Thus mode 1 (Dorian) could be D authentic in cantus durus with b natural, or G authentic in cantus mollis with b flat.
In the original, the 12 ricercari per b-quadratum of Galilei are followed by twelve more per b-rotundatum, that is at a different tessitura.
We may divide the five modes in general use into two categories, namely Major modes (Ionian, Mixolydian) and Minor modes (Dorian, Aeolian, Phrygian):
The Ionian mode bears the closest resemblance to the diatonic C major scale; however, the free use of accidentals (in particular B flat) makes the actual sound of the mode, as opposed to the simple scale, quite distinct
The Mixolydian mode is similar to the Ionian, since an F sharp will invariably be used at the cadence. But if a B flat is used there may occur an alternation between major and minor tonic chords which is characteristic of the mode.
The Dorian mode is one of the most frequently used. It takes C sharp at cadences, and if as well a B flat is used it has a great similarity with the Aeolian mode.
The Aeolian mode takes a G sharp at cadences, and has many characteristics in common with the modern minor scale. It does not normally use B flat.
The Phrygian mode has a strong and unique personality; since we do not normally sharpen more than one note in a chord in this style, there is no dominant chord available, and hence no need for a leading note. It makes either a plagal cadence, or the so-called "Phrygian cadence".
To sum up, then, we have five modes of practical use in Renaissance polyphony, namely Dorian, Phrygian, Mixolydian, Aeolian, Ionian. The accidentals which occur in them are C sharp, F sharp, G sharp, and B flat. These accidentals may occur freely in any one mode, forming perfect, plagal and Phrygian cadences.
Broadly speaking, there is a tendencey to cadence more often on the dominant than elsewhere, where this is possible (the Aeolian cannot, lacking a supertonic, and the Phrygian cannot, lacking a dominant; both substitute the the cadence on the subdominant). The minor modes also tend to make fairly frequent use of the mediant close, and the major modes of the submediant. Nevertheless, it is the rich variety of possible cadences that makes the modal system so effective an alternative to the diatonic-modulating system of more recent periods.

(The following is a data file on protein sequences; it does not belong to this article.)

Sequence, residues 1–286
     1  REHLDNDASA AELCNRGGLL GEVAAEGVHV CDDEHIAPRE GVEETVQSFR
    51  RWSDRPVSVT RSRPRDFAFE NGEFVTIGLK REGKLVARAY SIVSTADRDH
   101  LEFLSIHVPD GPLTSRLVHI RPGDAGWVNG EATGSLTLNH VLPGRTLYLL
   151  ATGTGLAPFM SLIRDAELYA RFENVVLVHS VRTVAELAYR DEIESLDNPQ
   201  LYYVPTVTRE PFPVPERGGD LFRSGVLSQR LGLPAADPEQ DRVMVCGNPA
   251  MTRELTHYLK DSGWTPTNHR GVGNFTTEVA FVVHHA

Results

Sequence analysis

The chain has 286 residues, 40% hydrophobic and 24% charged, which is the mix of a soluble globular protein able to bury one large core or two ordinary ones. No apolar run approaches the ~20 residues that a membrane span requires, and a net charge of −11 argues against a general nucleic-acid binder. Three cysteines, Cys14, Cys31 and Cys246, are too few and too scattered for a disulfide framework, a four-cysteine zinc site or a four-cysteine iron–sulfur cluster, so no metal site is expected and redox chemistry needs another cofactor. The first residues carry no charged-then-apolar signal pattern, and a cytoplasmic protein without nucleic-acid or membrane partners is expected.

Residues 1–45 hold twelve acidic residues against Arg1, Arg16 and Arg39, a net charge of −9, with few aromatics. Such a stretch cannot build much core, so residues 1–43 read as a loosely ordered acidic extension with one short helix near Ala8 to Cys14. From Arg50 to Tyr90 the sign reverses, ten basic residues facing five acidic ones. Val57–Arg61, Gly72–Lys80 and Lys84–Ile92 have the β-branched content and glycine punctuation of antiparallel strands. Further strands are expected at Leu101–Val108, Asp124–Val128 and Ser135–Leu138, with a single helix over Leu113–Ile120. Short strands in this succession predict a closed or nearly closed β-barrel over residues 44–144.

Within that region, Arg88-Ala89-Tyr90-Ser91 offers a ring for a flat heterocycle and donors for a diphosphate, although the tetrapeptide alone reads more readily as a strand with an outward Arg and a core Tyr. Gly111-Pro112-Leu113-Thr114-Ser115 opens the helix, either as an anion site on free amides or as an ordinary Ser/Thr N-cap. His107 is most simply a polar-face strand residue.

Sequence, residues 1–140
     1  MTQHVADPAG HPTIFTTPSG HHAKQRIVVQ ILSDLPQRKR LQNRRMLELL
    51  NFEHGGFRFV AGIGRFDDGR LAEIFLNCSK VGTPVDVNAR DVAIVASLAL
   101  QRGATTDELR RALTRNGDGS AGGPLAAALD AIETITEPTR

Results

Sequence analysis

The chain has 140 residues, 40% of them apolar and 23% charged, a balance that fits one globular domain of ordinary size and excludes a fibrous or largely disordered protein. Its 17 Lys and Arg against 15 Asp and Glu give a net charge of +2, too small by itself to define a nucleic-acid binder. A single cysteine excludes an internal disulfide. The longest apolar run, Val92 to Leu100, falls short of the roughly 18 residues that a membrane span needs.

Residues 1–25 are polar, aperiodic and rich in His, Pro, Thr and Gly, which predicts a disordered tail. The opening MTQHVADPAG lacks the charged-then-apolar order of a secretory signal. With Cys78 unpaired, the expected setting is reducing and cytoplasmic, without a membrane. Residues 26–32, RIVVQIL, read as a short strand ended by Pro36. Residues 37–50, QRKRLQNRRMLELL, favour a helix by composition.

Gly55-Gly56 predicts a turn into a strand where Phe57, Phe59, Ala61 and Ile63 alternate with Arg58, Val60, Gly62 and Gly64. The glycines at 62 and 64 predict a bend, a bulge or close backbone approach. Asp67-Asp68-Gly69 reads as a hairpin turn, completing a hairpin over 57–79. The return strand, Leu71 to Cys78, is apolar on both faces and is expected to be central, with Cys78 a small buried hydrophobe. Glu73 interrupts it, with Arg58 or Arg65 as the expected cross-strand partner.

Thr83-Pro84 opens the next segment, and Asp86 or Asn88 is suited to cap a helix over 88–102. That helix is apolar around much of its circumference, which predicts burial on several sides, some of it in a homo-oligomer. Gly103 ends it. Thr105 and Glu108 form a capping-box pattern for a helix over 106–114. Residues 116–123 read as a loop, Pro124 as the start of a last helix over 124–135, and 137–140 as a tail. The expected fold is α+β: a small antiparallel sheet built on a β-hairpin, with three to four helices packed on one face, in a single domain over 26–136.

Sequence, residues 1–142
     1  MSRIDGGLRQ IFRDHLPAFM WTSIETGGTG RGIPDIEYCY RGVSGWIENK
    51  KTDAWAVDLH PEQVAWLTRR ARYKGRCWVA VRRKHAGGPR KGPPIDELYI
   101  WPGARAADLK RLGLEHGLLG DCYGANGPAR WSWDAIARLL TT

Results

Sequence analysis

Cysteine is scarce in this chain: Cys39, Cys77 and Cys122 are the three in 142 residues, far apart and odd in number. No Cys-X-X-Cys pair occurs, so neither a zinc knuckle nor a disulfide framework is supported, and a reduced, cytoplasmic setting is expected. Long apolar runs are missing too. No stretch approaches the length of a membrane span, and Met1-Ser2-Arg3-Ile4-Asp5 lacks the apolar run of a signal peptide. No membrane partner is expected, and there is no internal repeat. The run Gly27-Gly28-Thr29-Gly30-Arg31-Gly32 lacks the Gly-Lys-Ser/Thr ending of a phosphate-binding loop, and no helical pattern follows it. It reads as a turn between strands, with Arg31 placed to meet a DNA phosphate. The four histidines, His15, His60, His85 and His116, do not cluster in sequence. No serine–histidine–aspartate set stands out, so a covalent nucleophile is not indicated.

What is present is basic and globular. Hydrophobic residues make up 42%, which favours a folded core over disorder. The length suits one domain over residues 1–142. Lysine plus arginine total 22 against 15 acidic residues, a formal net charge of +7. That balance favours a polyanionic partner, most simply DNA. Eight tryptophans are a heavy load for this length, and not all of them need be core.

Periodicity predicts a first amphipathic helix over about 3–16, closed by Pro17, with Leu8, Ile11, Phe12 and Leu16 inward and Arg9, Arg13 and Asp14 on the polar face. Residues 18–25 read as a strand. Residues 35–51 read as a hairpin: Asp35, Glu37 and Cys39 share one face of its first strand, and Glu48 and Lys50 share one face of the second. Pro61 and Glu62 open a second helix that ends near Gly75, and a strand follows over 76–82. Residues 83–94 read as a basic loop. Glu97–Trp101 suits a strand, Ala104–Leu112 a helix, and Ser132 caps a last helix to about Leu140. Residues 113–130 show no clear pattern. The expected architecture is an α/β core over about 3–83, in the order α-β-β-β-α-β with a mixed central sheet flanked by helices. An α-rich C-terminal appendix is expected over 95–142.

In addition to the above, the so-called "Tierce de Picardie" is posible at most closes, and all but obligatory at the final close, as the slight discordance of a minor third was considered an unsatisfactory end to a piece. A bare perfect consonance was preferred. An example can be heard at the final cadence of Galilei's Ricercare per tuono uno.
Like their classical and medieval counterparts, renaissance musical theorists associated each mode with a specific 'ethos' or mood, much as we today tend to associate music in minor keys with sadness or gravity and that in major keys with happiness and lightheartedness. Thus Adam Gumpelzhaimer (1559-1625), in his Compendium musicae latino germanicum (1595) enumerated the 12 modes as follows:
The teaching of 19th-century theory began with the diatonic major and minor scales as their didactic foundation. None-the-less, there were some experiments with modes to evoke a Gothic atmosphere. Beethoven's String Quartet op. 132 set a prayerful mood by including a four-part chorale 'in the Lydian mode'. And the growing fashion for folk-song eventually led to an interest in exotic scales which could be made to generate novel harmonies such as those in Chopin's mazurkas, Liszt's Hungarian Rhapsodies.
In the 20th-century many composers have been drawn to folk song as a spring-board for an exploration of the modes in their own compositions, amongst them Percy Grainger, Vaughan Williams and Bella Bartok spring readily to mind.
The modes have been explored by exponents of modern jazz, notably Dizzie Gillespie, John Coltrane, Charles Mingus, and Keith Jarrat. For an extended discussion of this see A Jazz Improvisation Primer by Marc Sabatella.